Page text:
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Conservation Is Our Government Now: The Politics of Ecology in Papua New Guinea
by Paige West
series edited by Arturo Escobar and Dianne Rocheleau
Duke University Press, 2006
Paper: 978-0-8223-3749-2 | eISBN: 978-0-8223-8806-7 | Cloth: 978-0-8223-3712-6
Library of Congress Classification DU740.42.W464 2006
Dewey Decimal Classification 333.720899912

ABOUT THIS BOOK | AUTHOR BIOGRAPHY | REVIEWS | TOC | REQUEST ACCESSIBLE FILE
ABOUT THIS BOOK
A significant contribution to political ecology, Conservation Is Our Government Now is an ethnographic examination of the history and social effects of conservation and development efforts in Papua New Guinea. Drawing on extensive fieldwork conducted over a period of seven years, Paige West focuses on the Crater Mountain Wildlife Management Area, the site of a biodiversity conservation project implemented between 1994 and 1999. She describes the interactions between those who ran the program—mostly ngo workers—and the Gimi people who live in the forests surrounding Crater Mountain. West shows that throughout the project there was a profound disconnect between the goals of the two groups. The ngo workers thought that they would encourage conservation and cultivate development by teaching Gimi to value biodiversity as an economic resource. The villagers expected that in exchange for the land, labor, food, and friendship they offered the conservation workers, they would receive benefits, such as medicine and technology. In the end, the divergent nature of each group’s expectations led to disappointment for both.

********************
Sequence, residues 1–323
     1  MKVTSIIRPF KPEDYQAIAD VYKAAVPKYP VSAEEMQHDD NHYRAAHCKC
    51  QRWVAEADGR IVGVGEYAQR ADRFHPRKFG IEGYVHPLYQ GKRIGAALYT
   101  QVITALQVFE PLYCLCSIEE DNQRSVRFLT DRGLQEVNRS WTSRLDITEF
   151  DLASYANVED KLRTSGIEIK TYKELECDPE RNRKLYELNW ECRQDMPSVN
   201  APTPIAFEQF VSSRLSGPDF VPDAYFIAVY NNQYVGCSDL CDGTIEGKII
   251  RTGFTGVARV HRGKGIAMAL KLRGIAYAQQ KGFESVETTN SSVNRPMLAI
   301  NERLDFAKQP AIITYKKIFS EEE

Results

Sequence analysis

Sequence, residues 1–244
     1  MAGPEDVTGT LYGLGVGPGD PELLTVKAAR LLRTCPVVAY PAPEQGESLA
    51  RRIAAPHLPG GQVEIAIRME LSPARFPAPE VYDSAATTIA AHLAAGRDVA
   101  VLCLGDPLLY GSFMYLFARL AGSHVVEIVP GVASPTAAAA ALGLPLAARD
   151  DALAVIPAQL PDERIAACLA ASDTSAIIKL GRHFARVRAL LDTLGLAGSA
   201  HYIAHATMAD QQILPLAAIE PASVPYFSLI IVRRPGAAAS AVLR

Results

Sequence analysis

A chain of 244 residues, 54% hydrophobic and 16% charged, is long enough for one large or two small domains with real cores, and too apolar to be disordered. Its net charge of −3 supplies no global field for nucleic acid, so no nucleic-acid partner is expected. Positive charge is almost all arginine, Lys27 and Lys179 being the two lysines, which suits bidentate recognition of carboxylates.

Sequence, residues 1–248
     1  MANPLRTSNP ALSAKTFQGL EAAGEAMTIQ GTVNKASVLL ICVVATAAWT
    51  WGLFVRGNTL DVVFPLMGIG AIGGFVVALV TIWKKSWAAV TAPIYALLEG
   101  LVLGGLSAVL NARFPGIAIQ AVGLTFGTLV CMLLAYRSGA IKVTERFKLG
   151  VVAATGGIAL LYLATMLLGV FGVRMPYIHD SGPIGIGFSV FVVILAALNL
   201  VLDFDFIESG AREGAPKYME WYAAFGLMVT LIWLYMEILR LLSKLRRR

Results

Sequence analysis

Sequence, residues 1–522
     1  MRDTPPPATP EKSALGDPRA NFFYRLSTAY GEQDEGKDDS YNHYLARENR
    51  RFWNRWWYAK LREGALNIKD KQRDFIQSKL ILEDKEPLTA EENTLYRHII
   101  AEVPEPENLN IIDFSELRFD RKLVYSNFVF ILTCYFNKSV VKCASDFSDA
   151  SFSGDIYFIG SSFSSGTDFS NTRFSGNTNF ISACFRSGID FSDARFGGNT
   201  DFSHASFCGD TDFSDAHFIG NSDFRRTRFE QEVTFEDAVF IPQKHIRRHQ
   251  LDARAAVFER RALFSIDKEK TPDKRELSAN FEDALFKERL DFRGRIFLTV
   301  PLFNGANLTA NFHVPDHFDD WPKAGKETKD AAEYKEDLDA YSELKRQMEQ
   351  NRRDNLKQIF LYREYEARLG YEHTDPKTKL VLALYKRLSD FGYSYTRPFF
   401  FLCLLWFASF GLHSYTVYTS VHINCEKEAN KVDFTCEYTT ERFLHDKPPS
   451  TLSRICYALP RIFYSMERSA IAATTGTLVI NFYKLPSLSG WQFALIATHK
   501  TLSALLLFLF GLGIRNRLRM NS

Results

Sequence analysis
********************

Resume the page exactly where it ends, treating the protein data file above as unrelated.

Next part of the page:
West reveals how every aspect of the Crater Mountain Wildlife Management Area—including ideas of space, place, environment, and society—was socially produced, created by changing configurations of ideas, actions, and material relations not only in Papua New Guinea but also in other locations around the world. Complicating many of the assumptions about nature, culture, and development underlying contemporary conservation efforts, Conservation Is Our Government Now demonstrates the unique capacity of ethnography to illuminate the relationship between the global and the local, between transnational processes and individual lives.


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